Here's why we need a World Introvert Day

If you have already read my past contributions on the subject introversion, you already know that introverts have a more difficult life in our, by extroverts dominated society. In addition to the increased risk to their physical and psychological health (as for instance disorders like depression, affective disorders, burnout and others) they are also less equipped to deal with stress than extroverts: They handle stress more poorly and generally are less satisfied with their life than extroverts. Consequently introverts are more easily attracted to drugs, addictive substances or prescription drug abuse and apparently also choose suicide in hopeless life situations more frequently than extroverts.
In their profession as well as their interpersonal relationships introverts frequently have to deal with specific problems, too: Just because they don’t act as communicatively and sociably as expected by an extrovertly oriented society, they are often reputed of being timid and aloof and at worse they even appear arrogant or disinterested in others. When the introverts are under-appreciated and misunderstood by those around them, disaccords are just as pre-programmed as are frustrations. In relationships between extroverted and introverted partners, the introvert’s need for withdrawal and privacy (for the extroverted partner difficult to understand) often tends to create considerable tensions among them. Ergo, introverted people face lots of additional stumbling blocks during their everyday life. You can read more about it in our free ebook for introverts.

On the other hand, research and history demonstrate again and again that in many respects the introverts belong to a superbly gifted and very important minority. Among them one finds numerous famous inventors, artists, philosophers, writers and thinkers. Their extraordinary powers of concentration, willingness to reflect and extraordinary creativity combined with their ability to totally retreat within themselves when they are occupied with something, literally predestines them to have a positive effect on the world, to advance progress or give humanity important new perceptions. To name just a few representatives of their species: Albert Einstein, Ludwig Wittgenstein, Charles Darwin, Friedrich Nietzsche, Albert Schweitzer, Mother Teresa, Ingrid Bergman, Audrey Hepburn, Alfred Hitchcock, Bill Gates … one could continue this search forever and would frequently end up with an introverted person who has put his or her mark on the world at one time or the other.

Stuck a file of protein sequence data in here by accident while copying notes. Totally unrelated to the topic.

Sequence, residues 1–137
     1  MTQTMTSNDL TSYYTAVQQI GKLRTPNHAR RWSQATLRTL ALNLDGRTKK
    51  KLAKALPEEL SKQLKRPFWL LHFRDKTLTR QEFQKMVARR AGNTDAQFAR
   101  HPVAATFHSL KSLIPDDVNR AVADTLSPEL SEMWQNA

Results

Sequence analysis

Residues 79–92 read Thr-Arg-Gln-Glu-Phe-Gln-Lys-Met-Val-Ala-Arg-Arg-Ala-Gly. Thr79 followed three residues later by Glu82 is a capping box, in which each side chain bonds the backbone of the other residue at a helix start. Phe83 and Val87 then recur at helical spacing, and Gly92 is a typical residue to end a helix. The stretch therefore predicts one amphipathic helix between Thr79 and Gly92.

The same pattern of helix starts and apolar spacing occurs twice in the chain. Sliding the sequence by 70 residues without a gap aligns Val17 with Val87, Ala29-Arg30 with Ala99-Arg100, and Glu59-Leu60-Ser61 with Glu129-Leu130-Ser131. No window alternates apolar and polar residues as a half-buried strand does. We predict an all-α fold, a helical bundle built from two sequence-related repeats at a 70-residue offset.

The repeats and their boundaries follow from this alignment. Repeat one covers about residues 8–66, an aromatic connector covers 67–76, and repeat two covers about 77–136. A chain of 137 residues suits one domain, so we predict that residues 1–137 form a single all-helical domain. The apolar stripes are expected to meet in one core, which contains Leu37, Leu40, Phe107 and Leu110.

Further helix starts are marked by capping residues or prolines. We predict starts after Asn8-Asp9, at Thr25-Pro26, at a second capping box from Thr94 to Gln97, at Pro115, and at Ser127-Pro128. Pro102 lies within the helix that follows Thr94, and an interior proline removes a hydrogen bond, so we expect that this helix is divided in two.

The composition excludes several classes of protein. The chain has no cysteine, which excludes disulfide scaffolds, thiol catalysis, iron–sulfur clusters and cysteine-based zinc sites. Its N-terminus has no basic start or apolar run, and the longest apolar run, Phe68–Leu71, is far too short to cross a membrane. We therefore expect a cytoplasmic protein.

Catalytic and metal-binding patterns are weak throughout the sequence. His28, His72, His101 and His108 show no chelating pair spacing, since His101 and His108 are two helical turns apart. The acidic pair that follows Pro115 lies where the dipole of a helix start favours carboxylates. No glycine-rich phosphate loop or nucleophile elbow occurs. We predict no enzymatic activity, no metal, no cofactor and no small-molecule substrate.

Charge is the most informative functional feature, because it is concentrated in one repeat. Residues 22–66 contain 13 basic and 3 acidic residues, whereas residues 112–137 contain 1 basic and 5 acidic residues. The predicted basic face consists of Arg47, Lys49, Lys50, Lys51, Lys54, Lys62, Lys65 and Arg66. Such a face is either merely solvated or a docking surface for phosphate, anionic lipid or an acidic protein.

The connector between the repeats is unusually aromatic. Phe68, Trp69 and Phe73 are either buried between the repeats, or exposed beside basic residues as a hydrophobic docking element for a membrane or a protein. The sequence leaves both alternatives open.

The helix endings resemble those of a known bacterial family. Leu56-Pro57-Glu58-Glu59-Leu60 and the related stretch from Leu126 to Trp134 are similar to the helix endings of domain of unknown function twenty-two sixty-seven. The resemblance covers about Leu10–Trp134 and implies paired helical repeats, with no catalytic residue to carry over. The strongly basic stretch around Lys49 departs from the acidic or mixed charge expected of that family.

It is high time to sharpen the awareness of a world on behalf of the introverts’ distinctiveness that has increasingly been devoting itself to the cult around extraversion. How about an official “World Introvert Day” on the calendar? After all, these days we have an official gift- and action day for everything important and/or irrelevant: The World Tree Day (on 25 April), The Global Handwashing Day (on 5 May), The International Kissing Day (on 6 July) and The International Stuttering Awareness Day (on 22 October), just to name a few examples – and all of them international, by the way. So, why not introduce a World Introvert Day? The date for it is clear – the best suited - 2 January. Exactly the day when the introverts of the world probably draw a deep breath, the day when the horror-holiday-marathon starting with Christmas and lasting until New Year lies behind them, when the annoying relatives have left and no one bothers them with the question: “What are your plans for New Year‘s?” and then acts indignant when you respond “Nothing special , why do you ask?” Could there possibly be a better date for it?

Please check out the web site of the World Introvert Day on and the official Facebook page on Ans don't forget to share the word!